home, of the murder of my parents and friends, and My lord of Tarentum, you say, when I open the no form of relief presented itself to my mind. In gate and surrender the town to you, you will place this state of distraction, I was tormented by the inmy person in safety, and pay over to me one hun cessant repetition of the headsman's songdred purses,* and bestow also a lucrative office upon " A headsman I've been a merry long time, me for the remainder of my life. But listen, Prince

And many have gone over Styx by my hand, of Tarentum, give me now the pledge, for I trust no And many to the fields of Elysium I've sent.” man."

I observed that the executioner nodded someBohemond drew a parchment from his pouch ; I

times, and a thought of jumping over his head and saw a ribbon and seal hanging from it, and saw the

running occurred to me; but I saw that it would be renegade turn it towards the light of the moon. He

immediate death, and gave it up in despair. Midappeared satisfied, and added

night was rapidly advancing, and I listened with “If you hear one stone fall, move not; if two,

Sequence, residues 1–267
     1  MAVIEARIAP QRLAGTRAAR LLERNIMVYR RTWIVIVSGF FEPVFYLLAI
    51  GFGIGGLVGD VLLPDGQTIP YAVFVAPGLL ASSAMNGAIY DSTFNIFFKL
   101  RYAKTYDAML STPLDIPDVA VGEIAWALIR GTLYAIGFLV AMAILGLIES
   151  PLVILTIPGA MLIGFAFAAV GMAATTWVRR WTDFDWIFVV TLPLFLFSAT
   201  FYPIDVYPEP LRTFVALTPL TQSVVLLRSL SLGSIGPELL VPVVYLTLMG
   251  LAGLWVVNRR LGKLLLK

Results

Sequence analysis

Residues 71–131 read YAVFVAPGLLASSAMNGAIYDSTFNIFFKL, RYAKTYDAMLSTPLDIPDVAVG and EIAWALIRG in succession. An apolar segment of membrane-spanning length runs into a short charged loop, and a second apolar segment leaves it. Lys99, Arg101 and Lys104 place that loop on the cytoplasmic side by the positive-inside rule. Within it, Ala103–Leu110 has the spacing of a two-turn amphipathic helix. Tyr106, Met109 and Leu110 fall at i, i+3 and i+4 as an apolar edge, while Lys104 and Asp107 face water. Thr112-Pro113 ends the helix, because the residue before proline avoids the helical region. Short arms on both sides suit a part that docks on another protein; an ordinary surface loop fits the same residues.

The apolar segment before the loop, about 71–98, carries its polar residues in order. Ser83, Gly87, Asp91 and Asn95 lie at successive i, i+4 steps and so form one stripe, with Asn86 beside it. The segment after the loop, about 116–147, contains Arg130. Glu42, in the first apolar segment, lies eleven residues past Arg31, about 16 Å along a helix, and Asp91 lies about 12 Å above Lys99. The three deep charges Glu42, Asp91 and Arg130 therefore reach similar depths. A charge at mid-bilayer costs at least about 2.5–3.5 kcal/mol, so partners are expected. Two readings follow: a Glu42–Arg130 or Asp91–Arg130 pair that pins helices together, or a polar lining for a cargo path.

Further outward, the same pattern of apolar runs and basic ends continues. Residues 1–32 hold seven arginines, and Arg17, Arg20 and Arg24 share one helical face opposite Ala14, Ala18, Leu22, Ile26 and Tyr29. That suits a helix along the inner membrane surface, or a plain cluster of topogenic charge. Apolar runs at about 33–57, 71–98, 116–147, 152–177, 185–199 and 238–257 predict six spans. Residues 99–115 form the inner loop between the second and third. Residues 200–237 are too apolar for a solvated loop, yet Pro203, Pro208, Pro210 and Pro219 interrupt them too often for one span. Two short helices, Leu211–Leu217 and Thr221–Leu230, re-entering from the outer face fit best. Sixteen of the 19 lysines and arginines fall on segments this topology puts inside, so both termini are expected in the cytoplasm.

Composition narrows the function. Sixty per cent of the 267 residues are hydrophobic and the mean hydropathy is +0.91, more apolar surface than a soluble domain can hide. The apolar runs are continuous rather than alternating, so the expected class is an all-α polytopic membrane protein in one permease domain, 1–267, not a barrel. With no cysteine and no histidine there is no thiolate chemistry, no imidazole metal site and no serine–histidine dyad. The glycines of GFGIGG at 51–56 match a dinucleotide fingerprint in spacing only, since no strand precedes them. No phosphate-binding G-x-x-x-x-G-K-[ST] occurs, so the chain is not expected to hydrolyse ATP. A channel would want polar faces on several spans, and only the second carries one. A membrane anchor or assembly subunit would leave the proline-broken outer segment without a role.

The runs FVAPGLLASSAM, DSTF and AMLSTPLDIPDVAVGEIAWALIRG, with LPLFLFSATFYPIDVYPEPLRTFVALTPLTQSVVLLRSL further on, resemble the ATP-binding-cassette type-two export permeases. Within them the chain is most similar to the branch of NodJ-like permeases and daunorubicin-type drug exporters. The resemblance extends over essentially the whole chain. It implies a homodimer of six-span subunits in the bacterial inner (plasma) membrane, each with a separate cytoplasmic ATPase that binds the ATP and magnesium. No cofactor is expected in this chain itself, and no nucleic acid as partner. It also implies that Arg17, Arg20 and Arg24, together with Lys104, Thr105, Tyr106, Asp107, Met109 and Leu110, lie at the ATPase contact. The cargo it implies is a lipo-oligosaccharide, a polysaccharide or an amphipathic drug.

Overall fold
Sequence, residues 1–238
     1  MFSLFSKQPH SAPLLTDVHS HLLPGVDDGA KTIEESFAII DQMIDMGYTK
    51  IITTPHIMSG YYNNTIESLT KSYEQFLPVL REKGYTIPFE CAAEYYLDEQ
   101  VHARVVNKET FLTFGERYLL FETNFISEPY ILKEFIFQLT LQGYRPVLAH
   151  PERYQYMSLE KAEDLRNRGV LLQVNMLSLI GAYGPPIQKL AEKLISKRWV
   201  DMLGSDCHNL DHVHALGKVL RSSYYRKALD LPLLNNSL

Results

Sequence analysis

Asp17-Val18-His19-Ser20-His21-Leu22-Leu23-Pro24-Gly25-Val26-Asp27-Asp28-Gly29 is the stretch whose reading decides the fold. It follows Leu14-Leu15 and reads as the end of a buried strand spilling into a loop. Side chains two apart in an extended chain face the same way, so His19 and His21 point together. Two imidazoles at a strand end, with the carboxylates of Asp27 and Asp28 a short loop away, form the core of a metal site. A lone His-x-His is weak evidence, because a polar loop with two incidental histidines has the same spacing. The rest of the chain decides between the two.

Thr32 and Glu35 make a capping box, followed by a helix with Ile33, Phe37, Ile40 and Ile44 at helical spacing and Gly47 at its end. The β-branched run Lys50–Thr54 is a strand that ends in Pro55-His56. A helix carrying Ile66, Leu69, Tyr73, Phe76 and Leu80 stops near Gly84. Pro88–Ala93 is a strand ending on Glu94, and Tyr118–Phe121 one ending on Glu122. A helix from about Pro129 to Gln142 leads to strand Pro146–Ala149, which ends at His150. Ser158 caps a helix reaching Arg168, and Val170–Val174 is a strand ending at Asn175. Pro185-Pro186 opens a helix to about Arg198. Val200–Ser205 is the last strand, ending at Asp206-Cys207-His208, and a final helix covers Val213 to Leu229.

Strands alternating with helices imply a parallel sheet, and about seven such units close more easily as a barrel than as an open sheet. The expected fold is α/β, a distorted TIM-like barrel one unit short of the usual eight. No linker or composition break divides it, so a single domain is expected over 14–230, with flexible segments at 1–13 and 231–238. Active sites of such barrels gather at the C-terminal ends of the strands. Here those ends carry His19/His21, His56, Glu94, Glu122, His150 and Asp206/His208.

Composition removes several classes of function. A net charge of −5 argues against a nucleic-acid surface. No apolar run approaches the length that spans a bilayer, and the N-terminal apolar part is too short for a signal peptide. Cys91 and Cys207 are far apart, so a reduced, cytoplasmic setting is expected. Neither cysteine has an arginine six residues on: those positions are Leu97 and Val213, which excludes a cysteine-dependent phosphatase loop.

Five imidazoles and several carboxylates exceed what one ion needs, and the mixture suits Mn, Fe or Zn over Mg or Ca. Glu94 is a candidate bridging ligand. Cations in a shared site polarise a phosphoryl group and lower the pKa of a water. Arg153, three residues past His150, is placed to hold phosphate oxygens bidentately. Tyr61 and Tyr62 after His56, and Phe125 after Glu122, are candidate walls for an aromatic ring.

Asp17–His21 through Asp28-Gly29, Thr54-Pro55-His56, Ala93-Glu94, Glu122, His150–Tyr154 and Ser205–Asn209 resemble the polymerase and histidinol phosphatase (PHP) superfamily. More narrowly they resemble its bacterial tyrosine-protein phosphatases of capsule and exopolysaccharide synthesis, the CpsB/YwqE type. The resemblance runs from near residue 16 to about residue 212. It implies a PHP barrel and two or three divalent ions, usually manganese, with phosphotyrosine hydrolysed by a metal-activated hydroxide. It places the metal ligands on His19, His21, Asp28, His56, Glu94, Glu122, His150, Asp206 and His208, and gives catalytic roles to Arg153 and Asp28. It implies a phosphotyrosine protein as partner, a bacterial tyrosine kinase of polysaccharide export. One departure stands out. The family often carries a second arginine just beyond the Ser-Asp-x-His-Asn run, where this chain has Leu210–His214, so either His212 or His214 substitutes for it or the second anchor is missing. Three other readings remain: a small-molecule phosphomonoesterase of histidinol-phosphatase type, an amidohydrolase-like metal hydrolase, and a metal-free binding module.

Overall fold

agony to every sound. come instantly. Remember, the hour is midnight.”

At length, as if to torment me, he rose, but was As he turned from the prince, he encountered me,

too wary to leave the door-way without binding me; and saw, moreover, that I was sufficiently near to

80, reaching a cord from the beam which supported have heard all that passed.

his tent, he made fast my arms, and led me to the “Stand, at your peril !” he said, in an agitated

block. I did not know now but that the order, whisper.

“Hold him fast, Bartemus," meant that I should be I did not move; and, in a moment's time, found

executed; but he only snuffed the wick of his lamp myself grasped by the shoulder.

as he said, “I must poniard him !" said the renegade, drawing his weapon from the scabbard.